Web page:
Highlight Report of our progress on implementing the Race Equality Framework - March 2016 - October 2017
The Scottish Government is determined to show leadership in advancing race equality, tackling racism and addressing the barriers that prevent people from minority ethnic communities from realising their potential. The Race Equality Framework for Scotland sets out how the Scottish Government aims to progress this ambition over a 15-year period from 2016 to 2030.
Our Vision for a fairer Scotland is that by 2030 Scotland is a place where people are healthier, happier and treated with respect, and where opportunities, wealth and power are spread more equally. The Race Equality Framework ( REF) was launched last March to advance race equality and tackle racism and aims to ensure that this vision is achieved equally for people from all ethnicities, helping to build a Scotland where we all share a common sense of belonging.
This Highlight Report sets out progress made on implementing the Race Equality Framework from its publication in March 2016 to autumn 2017. Actions in the Framework will continue to be implemented in addition to those detailed in the Race Equality Action Plan for 2017-21. We will provide further updates on Framework actions alongside our reporting on progress towards achieving the Race Equality Action Plan actions.
The Framework has now moved into the implementation and monitoring phase, building on the same participatory partnership approach used in developing the Framework. The work to progress the actions has been ongoing within Scottish Government and across our partner organisations throughout 2016 and 2017.
As a model of mainstreaming, implementation against the actions includes linking and engaging external delivery partners and policy areas across Scottish Government. We are doing this collaboratively with key stakeholders and published a summary of our approach to implementation on 23 February 2017. We have also taken forward new work around intersectionality and are carrying out a programme of engagement with both young people and minority ethnic women to make sure their voices are heard.
The Scottish Government has an extensive range of race equality stakeholders in Scotland and we value their engagement with us. We will continue to work closely and collaboratively with them and the communities they represent.
On 21 March 2017 we held an event to mark a year since the launch of the Framework; to provide further opportunity for engagement with stakeholders, and to mark the International Day for the Elimination of Racial Discrimination.
We have continued our commitment to ongoing engagement throughout the implementation of the Race Equality Framework.
Over the course of 2017 we organised a series of Themed Roundtables linked to REF themes involving policy officials with key experts from a range of statutory and third sector organisations and academia. Three Roundtables were held with the next series planned for 2018.
Race Equality Framework Adviser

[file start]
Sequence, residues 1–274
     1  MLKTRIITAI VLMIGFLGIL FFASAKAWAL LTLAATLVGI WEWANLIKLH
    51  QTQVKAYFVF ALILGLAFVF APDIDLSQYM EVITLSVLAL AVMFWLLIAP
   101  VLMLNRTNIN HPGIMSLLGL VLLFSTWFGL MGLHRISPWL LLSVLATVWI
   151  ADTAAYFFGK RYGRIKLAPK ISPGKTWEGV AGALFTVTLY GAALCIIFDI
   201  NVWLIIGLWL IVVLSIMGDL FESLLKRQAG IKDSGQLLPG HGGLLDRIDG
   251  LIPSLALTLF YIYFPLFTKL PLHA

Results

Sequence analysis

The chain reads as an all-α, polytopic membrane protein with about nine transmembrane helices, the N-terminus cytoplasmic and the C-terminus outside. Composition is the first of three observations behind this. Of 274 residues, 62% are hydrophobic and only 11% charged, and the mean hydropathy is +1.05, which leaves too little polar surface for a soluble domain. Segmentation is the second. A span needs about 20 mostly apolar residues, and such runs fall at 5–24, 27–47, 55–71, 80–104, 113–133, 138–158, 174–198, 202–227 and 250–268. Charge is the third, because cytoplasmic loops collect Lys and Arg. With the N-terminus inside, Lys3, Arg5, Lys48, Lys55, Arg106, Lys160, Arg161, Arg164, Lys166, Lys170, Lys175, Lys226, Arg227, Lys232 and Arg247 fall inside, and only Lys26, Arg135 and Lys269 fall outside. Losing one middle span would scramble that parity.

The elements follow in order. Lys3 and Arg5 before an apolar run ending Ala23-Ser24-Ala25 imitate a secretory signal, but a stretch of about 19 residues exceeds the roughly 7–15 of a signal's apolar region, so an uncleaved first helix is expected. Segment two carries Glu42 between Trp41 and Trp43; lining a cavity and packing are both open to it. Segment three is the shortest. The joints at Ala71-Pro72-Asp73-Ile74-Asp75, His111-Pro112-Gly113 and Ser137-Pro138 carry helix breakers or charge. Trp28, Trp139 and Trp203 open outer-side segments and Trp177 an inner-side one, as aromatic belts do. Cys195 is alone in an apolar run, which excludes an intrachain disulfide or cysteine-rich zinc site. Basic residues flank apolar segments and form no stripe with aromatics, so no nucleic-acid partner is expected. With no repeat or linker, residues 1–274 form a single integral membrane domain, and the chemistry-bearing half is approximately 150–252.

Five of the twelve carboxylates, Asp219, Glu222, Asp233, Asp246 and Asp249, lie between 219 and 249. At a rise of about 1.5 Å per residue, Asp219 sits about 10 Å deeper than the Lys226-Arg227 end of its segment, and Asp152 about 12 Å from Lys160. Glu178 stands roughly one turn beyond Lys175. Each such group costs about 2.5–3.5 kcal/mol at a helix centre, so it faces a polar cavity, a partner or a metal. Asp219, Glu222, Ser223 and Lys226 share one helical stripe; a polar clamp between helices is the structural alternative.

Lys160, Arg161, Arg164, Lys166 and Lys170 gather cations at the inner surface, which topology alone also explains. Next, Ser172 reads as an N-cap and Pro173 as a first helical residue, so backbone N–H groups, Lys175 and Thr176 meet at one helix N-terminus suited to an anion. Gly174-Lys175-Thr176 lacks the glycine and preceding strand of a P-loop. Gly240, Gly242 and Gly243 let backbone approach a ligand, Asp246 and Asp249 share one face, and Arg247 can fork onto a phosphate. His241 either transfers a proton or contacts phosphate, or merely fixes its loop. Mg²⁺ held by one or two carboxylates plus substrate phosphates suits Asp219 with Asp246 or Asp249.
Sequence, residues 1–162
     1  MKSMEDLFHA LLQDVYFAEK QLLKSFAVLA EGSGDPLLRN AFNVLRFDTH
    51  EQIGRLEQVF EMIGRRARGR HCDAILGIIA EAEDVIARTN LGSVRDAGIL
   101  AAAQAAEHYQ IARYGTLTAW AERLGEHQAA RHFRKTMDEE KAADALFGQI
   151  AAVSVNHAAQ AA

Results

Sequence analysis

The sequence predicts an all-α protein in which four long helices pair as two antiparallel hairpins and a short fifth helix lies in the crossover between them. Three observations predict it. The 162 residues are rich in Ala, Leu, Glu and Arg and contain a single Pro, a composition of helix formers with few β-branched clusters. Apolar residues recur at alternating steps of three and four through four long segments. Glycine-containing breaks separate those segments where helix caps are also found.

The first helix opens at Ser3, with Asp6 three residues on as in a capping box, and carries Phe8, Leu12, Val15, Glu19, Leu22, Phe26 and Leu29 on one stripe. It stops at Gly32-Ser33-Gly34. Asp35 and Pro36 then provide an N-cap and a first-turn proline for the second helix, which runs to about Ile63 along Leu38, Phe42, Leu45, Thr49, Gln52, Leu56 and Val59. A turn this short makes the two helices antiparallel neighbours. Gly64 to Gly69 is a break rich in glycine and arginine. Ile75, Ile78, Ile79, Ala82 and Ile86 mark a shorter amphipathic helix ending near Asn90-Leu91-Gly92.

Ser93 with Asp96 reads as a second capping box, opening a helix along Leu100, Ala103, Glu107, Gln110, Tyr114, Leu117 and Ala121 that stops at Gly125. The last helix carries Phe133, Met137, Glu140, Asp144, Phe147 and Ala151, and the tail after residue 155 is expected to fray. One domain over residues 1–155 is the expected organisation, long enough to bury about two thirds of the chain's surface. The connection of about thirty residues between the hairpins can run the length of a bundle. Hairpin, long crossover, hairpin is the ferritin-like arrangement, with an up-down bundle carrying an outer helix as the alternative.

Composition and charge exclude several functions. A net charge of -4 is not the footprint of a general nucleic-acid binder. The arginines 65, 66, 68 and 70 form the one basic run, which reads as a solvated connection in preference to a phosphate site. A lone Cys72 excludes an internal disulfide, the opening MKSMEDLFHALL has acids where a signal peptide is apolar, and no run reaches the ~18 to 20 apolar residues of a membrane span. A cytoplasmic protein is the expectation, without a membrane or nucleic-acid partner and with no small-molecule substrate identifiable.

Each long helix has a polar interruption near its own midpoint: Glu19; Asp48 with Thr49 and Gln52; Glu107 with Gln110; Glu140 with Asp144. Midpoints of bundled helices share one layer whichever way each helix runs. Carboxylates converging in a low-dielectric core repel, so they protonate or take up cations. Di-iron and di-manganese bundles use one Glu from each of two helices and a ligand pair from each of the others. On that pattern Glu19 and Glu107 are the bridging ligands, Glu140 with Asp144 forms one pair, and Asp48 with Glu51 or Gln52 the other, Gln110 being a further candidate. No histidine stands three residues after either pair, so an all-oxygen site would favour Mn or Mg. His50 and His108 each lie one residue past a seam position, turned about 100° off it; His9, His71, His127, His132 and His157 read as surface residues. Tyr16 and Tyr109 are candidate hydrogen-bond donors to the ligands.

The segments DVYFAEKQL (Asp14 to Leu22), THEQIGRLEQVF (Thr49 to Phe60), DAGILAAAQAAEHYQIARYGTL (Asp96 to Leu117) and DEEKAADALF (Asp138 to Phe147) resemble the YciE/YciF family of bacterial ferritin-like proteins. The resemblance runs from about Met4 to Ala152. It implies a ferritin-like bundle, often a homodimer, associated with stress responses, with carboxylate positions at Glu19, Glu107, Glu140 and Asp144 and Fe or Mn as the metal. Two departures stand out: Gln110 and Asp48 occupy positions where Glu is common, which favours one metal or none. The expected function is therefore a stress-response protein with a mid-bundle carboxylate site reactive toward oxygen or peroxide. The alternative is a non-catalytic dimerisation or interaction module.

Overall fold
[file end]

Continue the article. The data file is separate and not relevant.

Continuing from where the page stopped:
As part of the 2016 Programme for Government, the appointment of Kaliani Lyle as an independent Race Equality Framework Adviser was announced in December 2016, to provide advice on our approach. Ms Lyle's report, which includes a number of recommended actions, has informed the development of the Race Equality Action Plan.
The REF connects with a range of Scottish Government programmes and activity.
For example, we are developing a new version of ' New Scots: our strategy for Integrating refugees into Scotland's communities' and that work informs and is informed by the ongoing implementation of the Race Equality Framework.
The Fairer Scotland Action Plan, published in October last year, set out our vision for a fairer Scotland and 50 concrete actions for this Parliamentary period. We have already made significant progress in delivering these actions, and our first progress report was made available in November.
The Disability Action Plan, launched in December 2016, and t he Delivery Plan for Equally Safe: Scotland's Strategy to Prevent and Eradicate Violence against Women and Girls also provide opportunities to enhance the embedding of race equality in these areas .
Public Sector Equality Duty
We have a powerful instrument for change in Scotland in the Public Sector Equality Duty. It can help organisations to advance equality, to avoid unequal and discriminatory practices and to make informed and inclusive policies and decisions.
For the first time this year, public authorities have had to publish their pay gap and occupational information on race and disability (previously only gender had to be reported). This will help to focus attention on the employment of minority ethnic communities across the public sector.
Despite the constraints on our budget, the Scottish Government has committed £20.3 million for equality work in 2017‑18. £2.6 million of this funding is allocated to organisations working to advance race equality.
Every individual and organisation in Scotland needs to play their role in creating a fair and equal Scotland that protects and includes people from all backgrounds, whatever their ethnicity may be. Working with our key delivery partners, there has been significant progress in our first year of implementation and we provide some highlights in the following sections of this report.